- Oral and written communication with conservation and development practitioners
- Project conception and implementation
- Analysis and interpretation of qualitative and/or quantitative data
- Report writing
- Reflexive thinking and writing (field diary).


Syllabus

Preparing for fieldwork (in Leeds)
1) Introduction to Environment-Development issues in Tanzania (S1)
2) Introduction to the Environment & Development context in the Usambara mountains (S1)
3) Research methods and research practice in cross-cultural contexts (S1)
4) Research ethics, planning & skills training (S2)
5) Fieldwork logistics, health & safety planning (S2)
6) Reflexive thinking and reflective writing (S2)

Fieldcourse & fieldwork (in Tanzania) – 14-day trip
1) Seminars & guided site visits with input from local stakeholders representing national and local government, (non-governmental organisations), local businesses, secondary school, local village leaders and villagers
e.g.
- Nature Reserve Conservator
- Tourism Officer
- Biodiversity Officer
- Agricultural & Livestock Extension Officer
- Tour Guides
- Tanzania Forest Conservation Group Butterfly Project Coordinator
- WWF Project Coordinator
- East Usambara Tea Company representative
- Conservation NGO representatives
- Development NGO representatives
- Farmers

Topics and Issues explored across the module:
- Biodiversity, ecosystem services & human well-being
- Protected area management and governance
- Forest conservation and participatory forest management in the tropics
- Rural development & rural livelihoods - sustainable livelihoods and livelihood resilience
- Climate impacts on livelihoods and adaptation
- Vulnerability and resilience to climate change
- Integrated environment and development interventions/projects
e.g. integrated conservation and development programmes, climate compatible development, climate-smart development
- Agricultural development and climate change
- Eco-Tourism and development.

Application forms can be requested by email from see-ses@leeds.ac.uk

Teaching methods

Due to COVID-19, teaching and assessment activities are being kept under review - see module enrolment pages for information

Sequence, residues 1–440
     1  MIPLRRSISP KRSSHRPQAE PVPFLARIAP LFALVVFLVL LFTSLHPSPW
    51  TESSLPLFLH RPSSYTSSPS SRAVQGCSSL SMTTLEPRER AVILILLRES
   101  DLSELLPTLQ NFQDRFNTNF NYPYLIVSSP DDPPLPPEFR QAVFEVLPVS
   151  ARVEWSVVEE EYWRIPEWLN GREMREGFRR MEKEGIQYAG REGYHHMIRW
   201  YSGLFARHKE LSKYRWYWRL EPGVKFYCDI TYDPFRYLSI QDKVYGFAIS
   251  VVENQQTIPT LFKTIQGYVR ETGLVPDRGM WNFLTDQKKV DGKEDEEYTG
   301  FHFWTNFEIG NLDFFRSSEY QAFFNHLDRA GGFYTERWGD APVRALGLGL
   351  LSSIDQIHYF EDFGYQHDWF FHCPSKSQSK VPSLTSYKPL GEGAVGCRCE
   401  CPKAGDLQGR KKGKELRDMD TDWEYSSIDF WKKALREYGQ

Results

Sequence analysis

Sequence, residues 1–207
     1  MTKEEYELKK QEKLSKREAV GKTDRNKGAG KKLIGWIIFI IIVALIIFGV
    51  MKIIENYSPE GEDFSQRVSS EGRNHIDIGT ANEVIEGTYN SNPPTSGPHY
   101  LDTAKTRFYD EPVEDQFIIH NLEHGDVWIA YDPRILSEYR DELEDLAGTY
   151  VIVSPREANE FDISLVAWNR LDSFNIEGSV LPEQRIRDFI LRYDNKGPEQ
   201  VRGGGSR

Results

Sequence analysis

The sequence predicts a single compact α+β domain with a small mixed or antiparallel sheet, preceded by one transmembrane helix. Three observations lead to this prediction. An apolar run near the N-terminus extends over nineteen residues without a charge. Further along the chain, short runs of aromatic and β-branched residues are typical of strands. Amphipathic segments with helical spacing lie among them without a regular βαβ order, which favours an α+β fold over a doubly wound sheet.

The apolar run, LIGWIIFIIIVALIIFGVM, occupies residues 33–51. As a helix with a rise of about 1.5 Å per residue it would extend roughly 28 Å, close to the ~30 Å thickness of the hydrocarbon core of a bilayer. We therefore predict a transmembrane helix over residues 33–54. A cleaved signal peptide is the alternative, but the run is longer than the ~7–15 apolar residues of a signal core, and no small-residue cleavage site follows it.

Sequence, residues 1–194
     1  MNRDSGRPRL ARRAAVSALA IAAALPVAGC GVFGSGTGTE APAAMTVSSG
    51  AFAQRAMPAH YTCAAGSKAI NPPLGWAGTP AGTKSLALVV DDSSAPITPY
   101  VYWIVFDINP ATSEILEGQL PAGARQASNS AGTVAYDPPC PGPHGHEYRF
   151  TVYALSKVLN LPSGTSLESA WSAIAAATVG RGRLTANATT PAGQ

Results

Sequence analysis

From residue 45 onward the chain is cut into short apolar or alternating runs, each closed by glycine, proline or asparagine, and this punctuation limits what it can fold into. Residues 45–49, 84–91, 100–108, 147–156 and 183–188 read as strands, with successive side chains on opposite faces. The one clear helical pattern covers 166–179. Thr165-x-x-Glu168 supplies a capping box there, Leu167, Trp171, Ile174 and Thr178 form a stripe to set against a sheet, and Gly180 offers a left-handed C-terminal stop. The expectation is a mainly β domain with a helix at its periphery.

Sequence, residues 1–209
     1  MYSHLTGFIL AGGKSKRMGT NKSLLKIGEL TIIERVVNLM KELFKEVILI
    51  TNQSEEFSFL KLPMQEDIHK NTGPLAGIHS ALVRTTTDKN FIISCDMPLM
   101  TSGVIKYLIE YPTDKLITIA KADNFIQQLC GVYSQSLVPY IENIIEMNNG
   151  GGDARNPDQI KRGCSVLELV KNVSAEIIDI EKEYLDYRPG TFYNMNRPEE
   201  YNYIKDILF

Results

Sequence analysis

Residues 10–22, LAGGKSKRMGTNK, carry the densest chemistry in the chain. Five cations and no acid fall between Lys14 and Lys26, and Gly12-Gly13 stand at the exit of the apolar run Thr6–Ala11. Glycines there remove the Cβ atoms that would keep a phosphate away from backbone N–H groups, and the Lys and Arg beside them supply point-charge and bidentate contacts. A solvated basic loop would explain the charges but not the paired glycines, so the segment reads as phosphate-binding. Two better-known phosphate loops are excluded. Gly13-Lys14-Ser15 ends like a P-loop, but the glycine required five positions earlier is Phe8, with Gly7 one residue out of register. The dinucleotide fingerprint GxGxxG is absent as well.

Delivery typeNumberLength hoursStudent hours
Lectures81.008.00
Tutorials30.501.50
Class tests, exams and assessment10.500.50
Fieldwork47.5030.00
Fieldwork107.5075.00
Group learning61.006.00
Private study hours179.00
Total Contact hours121.00
Total hours (100hr per 10 credits)300.00

Private study

Reading in Leeds – 50 hours
Private general study in Tanzania – 15 hours
Preparation Assessment 1 (proposal) – 8 hours
Preparation of Assessment 2 (oral presentation) – 10 hours
Preparation Assessment 3 (report) – 76 hours
Preparation Assessment 4 (diary) – 20 hours

Opportunities for Formative Feedback

• Immediate feedback will be provided during tutorials in semester 1 when students will discuss their project ideas with staff
• Detailed formative feedback will be provided on project proposal ahead of project implementation, allowing students to adjust their plans accordingly.
• Ongoing feedback will be provided by staff during all group reflective sessions, and during one-to-one and group meetings with students during the field course. Learning can then be fed into project work.
• Detailed formative feedback will be provided on project presentation, learning from which can be fed into project report writing.
• Formative feedback will be provided on project report at the end of the module.

Methods of assessment

Due to COVID-19, teaching and assessment activities are being kept under review - see module enrolment pages for information


Coursework
Assessment typeNotes% of formal assessment
Report5000 words65.00
Oral PresentationMaximum 10 minutes10.00
Reflective log2 page summary10.00
Report2000 words15.00
Total percentage (Assessment Coursework)100.00

Re-sit for this module will take the form of a 4000 word written assignment.

Reading list

The reading list is available from the Library website

Last updated: 10/08/2020 08:46:36